The PMLA and rules notified there under impose obligation on banking companies, financial institutions and intermediaries to verify identity of clients, maintain records and furnish information to FIU-IND. PMLA defines money laundering offence and provides for the freezing, seizure and confiscation of the proceeds of crime.

Offence: Whosoever directly or indirectly attempts to indulge or knowingly assists or knowingly is a party or is actually involved in any process or activity connected with the proceeds of crime and projecting it as untainted property shall be guilty of offence of money laundering.
Scheduled offence means
• the offences specified under Part A of the Schedule, or
• the offences specified under Part B of the Schedule if the total value involved in such offences is thirty lakh rupees or more, or
• the offences specified under Part C of the Schedule.
Obligations of Banking Companies, Financial Institution and Intermediaries:
The Act provides that every banking company, financial institution and intermediaries should maintain a record of transaction and provide this information to the Director when required to do so. They are also required to verify and maintain the records of the identity of all its clients. Such records shall be maintained for a period of 10 years from the date of cessation of the transaction between the clients and the banking companies.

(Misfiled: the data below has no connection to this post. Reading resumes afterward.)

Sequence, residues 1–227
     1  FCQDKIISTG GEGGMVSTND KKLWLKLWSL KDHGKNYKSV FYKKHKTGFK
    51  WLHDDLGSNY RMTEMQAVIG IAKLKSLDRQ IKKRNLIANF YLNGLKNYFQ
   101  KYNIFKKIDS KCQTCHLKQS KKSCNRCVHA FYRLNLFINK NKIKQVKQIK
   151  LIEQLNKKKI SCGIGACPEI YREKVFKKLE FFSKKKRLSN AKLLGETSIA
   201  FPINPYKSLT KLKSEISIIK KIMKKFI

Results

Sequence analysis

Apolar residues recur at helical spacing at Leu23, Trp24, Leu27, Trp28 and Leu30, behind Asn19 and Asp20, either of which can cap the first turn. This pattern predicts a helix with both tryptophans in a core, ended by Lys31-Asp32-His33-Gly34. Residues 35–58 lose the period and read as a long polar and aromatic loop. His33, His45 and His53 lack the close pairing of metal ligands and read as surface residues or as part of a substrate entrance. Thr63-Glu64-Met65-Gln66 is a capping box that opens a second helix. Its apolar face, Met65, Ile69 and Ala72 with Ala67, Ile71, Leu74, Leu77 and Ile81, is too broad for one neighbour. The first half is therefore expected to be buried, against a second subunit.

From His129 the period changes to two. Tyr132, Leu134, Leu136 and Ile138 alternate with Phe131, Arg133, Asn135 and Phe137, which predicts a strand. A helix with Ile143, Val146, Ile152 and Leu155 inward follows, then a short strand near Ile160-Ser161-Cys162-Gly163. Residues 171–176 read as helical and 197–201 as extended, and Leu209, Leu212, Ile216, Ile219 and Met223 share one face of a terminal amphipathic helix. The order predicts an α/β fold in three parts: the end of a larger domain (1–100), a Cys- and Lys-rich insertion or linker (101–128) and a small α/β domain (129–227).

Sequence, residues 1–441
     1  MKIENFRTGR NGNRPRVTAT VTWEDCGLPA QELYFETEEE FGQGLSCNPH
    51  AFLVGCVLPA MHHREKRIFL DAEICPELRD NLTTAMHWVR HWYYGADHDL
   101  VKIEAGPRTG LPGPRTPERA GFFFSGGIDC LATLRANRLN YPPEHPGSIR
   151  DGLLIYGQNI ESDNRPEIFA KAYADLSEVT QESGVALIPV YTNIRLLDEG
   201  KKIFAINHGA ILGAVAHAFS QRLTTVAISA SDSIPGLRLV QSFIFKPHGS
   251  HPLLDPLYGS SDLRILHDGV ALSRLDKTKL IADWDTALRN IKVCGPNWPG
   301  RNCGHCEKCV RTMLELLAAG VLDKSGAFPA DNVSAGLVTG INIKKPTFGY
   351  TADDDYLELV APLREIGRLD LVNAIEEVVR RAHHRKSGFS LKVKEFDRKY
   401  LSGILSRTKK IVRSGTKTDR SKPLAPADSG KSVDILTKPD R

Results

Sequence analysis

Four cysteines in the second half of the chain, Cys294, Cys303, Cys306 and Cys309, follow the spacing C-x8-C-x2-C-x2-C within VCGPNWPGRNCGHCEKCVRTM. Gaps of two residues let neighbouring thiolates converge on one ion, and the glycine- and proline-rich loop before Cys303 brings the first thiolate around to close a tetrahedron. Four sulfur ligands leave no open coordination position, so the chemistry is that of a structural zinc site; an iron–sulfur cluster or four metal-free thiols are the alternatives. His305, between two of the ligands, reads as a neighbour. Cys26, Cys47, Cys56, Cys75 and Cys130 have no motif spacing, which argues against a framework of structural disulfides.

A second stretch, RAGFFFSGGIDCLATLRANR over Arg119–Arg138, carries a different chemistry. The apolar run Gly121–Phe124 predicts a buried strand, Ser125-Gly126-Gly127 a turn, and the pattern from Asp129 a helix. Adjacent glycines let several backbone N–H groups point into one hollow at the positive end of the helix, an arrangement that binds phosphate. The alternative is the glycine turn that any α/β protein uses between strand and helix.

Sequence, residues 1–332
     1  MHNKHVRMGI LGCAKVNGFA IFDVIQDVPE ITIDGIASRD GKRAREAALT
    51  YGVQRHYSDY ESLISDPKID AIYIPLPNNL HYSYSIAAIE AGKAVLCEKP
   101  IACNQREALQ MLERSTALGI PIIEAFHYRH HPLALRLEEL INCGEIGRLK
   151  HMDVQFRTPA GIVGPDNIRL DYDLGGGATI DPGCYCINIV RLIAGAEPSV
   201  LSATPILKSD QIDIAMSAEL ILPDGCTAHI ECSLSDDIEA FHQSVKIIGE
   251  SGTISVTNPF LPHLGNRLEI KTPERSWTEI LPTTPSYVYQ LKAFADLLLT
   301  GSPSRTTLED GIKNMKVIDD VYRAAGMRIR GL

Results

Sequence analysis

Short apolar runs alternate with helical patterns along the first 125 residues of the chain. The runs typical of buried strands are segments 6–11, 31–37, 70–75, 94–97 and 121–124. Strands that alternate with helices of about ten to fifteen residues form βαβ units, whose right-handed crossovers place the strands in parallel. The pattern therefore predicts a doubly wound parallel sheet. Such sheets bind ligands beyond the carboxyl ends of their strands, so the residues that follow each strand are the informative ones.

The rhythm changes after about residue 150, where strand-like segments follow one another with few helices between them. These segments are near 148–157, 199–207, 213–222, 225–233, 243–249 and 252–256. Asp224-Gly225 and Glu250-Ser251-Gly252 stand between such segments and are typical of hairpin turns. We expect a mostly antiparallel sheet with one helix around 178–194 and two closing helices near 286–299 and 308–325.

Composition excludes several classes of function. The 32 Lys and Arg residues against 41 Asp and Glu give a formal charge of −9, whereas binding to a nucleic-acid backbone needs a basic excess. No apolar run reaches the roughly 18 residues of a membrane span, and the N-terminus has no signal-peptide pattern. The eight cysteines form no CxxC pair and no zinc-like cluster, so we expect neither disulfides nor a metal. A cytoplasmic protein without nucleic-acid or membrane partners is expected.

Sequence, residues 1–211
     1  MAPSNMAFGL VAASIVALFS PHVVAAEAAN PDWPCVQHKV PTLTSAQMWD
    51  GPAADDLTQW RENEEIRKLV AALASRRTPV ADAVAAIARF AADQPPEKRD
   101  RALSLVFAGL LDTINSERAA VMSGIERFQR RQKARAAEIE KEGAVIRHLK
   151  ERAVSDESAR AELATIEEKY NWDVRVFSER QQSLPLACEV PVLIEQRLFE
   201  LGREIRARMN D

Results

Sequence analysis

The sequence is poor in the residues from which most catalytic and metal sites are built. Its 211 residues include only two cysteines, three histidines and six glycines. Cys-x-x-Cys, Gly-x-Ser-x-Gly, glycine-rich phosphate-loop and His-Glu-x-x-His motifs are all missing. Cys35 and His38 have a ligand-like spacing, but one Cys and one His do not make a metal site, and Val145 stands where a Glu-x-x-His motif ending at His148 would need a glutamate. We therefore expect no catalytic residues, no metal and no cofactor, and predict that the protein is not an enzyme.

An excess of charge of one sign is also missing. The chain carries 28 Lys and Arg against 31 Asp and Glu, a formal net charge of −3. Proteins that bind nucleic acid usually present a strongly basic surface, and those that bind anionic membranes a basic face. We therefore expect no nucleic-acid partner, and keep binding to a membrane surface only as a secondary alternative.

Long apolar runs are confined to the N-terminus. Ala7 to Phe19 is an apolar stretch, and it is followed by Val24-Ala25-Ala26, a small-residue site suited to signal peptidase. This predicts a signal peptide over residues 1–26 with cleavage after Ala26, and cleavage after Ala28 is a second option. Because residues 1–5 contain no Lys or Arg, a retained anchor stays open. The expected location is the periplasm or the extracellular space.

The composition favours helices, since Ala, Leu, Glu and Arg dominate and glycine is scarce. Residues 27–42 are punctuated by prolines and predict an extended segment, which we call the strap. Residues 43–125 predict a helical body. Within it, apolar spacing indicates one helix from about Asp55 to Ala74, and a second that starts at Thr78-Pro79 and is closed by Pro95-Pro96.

As the passing of the information is part of the statute hence no proceedings can be taken on account of the same. The procedure for procuring the information shall be drawn by the Central Government in consultation with the RBI.
This is to track the usage of cash for the purposes of illegal transactions particularly advanced for sale/purchase of property. The check over the Bank creates a stricter balance because the influx and out flux of money can easily be kept in account.

Punishment: Whoever commits the offence of money-laundering shall be punishable with rigorous imprisonment for a term which shall not be less than three years but which may extend to seven years and shall also be liable to fine which may extend to five lakh rupees.
Summons, Searches and Seizures, etc.:
The Director, or any other officer not below the rank of Deputy Director can survey, search and seizure, power of arrest or retention of property or records as well as presumptions as to records/property, or even inter-connected transaction. The burden of proof however shall lie on the accused to show that his property is untainted.

Attachment: The attachments are done by the Director or any person below the Deputy Director authorized to do so by him. Where the Director, or any other officer not below the rank of Deputy Director authorized by him, has reason to believe on the basis of material in his possession, that—
I. any person is in possession of any proceeds of crime;
II. such person has been charged of having committed a scheduled offence; and